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The Spokesman-Review Newspaper
Spokane, Washington  Est. May 19, 1883

New coach, goalie changes — Vegas’ run to Stanley Cup Final similar to Panthers’ path

By Dave Hyde South Florida Sun-Sentinel

LAS VEGAS – They didn’t have a coach at this time last June.

They weren’t certain of their goalie.

They were coming off the kind of season that brought big change and made the hockey world wonder where they were headed.

It’s not just the Florida Panthers who found some big answers all the way to the Stanley Cup Final. The Vegas Golden Knights were on a parallel track in some manner and now play host to Game 1 on Saturday night in their T-Mobile Arena.

To understand how Vegas arrived here is to look at the Panthers in some form. They each got a top star who wanted out of another organization. Vegas’ top scorer these playoffs, Jack Eichel, was traded by Buffalo in 2021 after a contentious time over a neck injury. The Panthers’ Matthew Tkachuk declined to sign a long-term deal with Calgary, in effect forcing a trade last summer.

They even shared some players, though Vegas got the better of that out of the expansion draft. The team’s second-leading scorer in the playoffs is Jonathan Marchessault, who had a career breakout season with 30 goals for the Panthers before taken by Vegas in the expansion draft in 2017.

He was joined in Vegas by Panthers teammates Reilly Smith, who was traded that summer to Vegas. Marchessault and Smith have been prime contributors since the Knights’ run to the Stanley Cup Final in their first season.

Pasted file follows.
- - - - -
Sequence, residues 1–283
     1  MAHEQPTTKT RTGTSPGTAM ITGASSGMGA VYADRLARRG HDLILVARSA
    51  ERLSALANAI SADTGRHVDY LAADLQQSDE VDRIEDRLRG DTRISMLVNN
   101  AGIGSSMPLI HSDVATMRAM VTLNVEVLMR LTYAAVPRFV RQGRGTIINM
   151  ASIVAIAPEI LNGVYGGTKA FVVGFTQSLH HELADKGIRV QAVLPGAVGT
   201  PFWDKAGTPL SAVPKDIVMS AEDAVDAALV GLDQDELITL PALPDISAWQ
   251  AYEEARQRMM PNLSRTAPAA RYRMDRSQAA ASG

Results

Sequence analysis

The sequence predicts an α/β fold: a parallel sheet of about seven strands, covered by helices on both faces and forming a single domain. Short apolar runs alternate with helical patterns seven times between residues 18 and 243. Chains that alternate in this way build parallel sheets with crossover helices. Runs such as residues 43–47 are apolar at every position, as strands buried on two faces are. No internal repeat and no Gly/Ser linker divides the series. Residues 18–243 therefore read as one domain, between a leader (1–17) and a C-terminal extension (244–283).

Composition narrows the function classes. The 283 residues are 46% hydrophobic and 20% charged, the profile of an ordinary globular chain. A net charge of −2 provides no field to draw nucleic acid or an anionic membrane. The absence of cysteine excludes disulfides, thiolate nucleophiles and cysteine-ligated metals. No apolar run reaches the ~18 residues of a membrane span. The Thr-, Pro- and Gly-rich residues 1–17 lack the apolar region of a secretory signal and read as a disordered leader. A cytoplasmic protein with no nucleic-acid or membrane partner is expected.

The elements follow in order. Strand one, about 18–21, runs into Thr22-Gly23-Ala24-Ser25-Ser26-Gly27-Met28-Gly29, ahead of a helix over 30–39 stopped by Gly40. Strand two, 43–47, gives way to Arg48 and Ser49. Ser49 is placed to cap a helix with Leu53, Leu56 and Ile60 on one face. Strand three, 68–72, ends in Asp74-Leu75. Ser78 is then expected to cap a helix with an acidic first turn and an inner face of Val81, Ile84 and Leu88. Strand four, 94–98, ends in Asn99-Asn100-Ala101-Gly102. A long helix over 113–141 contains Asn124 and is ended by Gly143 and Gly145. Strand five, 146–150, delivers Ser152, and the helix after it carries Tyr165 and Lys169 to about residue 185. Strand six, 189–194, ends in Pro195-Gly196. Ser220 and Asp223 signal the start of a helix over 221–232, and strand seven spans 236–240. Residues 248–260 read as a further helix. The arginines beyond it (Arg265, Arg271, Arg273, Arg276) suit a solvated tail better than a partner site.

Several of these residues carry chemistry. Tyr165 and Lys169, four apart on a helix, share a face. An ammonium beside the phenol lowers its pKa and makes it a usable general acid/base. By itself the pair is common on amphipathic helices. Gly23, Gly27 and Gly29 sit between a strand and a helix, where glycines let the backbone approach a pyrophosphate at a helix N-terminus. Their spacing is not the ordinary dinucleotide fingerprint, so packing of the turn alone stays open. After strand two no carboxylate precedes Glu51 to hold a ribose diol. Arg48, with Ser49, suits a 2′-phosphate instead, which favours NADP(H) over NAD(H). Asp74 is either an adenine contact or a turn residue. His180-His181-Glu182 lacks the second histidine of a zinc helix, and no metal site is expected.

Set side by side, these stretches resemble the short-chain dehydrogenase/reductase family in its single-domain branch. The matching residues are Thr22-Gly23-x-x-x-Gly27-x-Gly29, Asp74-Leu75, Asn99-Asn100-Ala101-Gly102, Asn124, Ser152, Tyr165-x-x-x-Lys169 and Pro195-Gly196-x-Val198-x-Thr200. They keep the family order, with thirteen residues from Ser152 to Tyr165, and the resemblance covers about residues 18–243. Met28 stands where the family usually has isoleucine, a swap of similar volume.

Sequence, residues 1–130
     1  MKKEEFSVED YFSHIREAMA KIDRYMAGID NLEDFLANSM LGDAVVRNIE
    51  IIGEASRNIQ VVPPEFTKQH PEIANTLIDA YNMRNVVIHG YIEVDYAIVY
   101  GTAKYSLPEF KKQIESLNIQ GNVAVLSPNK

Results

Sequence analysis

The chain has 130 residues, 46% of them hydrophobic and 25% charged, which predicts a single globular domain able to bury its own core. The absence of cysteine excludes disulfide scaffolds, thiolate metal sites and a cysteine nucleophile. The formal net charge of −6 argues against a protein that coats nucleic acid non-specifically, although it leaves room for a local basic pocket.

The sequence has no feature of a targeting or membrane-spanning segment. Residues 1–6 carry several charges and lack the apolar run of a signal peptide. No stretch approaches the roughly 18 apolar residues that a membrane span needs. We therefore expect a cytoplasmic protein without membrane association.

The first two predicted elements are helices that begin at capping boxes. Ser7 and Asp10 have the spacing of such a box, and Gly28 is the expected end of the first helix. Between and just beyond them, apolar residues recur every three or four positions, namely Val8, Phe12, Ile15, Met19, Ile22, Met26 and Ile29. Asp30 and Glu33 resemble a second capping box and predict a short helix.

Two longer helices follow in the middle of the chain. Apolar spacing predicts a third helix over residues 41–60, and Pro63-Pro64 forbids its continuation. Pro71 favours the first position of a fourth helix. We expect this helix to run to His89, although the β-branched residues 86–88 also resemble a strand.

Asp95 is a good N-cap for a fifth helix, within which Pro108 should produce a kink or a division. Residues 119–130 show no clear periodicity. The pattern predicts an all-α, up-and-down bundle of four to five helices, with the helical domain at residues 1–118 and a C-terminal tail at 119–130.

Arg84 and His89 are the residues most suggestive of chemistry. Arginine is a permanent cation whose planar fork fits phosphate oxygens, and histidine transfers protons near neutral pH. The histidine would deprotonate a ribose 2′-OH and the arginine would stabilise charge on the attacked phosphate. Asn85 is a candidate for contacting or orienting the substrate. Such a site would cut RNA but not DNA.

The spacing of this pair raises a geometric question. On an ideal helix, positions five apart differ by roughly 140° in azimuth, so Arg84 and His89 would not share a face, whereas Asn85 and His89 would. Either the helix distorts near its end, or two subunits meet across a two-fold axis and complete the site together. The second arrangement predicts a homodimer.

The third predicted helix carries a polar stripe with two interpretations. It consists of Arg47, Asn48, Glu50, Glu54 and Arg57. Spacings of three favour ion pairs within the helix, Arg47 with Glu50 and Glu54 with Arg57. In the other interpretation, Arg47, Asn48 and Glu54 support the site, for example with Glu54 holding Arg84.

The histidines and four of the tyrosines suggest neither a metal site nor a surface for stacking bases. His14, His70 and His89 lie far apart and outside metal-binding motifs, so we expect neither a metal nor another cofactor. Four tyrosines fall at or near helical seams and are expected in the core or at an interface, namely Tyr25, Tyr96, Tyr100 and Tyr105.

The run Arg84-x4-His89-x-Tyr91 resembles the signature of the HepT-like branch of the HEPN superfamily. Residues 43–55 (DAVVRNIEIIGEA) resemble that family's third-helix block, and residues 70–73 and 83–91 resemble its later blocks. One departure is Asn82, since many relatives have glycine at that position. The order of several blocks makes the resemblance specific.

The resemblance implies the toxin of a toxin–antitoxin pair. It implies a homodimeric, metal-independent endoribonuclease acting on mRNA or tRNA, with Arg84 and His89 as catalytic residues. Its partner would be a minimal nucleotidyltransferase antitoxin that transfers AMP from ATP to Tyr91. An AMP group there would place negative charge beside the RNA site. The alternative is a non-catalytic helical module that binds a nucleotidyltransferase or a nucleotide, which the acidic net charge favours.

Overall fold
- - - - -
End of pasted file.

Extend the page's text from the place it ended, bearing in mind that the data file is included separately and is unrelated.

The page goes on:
Also like the Panthers, this Vegas season began in disappointment last year. The Panthers won a series but general manager Bill Zito knew a too-cute system wouldn’t work in the playoffs and changed coaches.

Vegas didn’t make the playoffs for the first time in five years, and that brought change, too.

“We’ve overcome some adversity, but that’s the nature of this team,” said Vegas coach Bruce Cassidy, who was fired by Boston last season and hired in Vegas eight days before the Panthers hired coach Paul Maurice. “That’s what I’ve seen from then since I came here.”

Cassidy was considered too tough by Boston players. He seems to have found a home in the desert with his style of old-school hockey with big defensemen. They limit opponents chances (Vegas goalies faced the fifth-fewest goal-scoring chances this season, according to the analytic site Natural Stat Trick), and they lead the league in blocked shots.

That system has helped lighten the burden on a Vegas goaltending situation that has been a point of focus this year. Starter Robin Lehner underwent hip surgery last summer that kept him out all season. It wasn’t detected until weeks after free agency started, meaning Vegas didn’t get a top replacement.

Vegas started five goalies this season and the rotation didn’t stop with the playoffs. Laurent Brossoit started the playoffs, but he was injured in Game 3 of the second round. In came Adin Hill, whose NHL career consisted of six years, three teams and 101 games as a backup. His playoff experience to that point was 20 minutes in mop-up duty the previous game.

Since then, he’s played 10 games with a 2.07 goals-against average and .937 save percentage.

“He’s been everything we could have hoped,” Cassidy said.

Sound similar to how the Panthers have talked about goaltender Sergei Bobrovsky these playoffs?

Here’s the final similarity for these team: This is each franchise’s second trip to the finals. And one will win its first championship.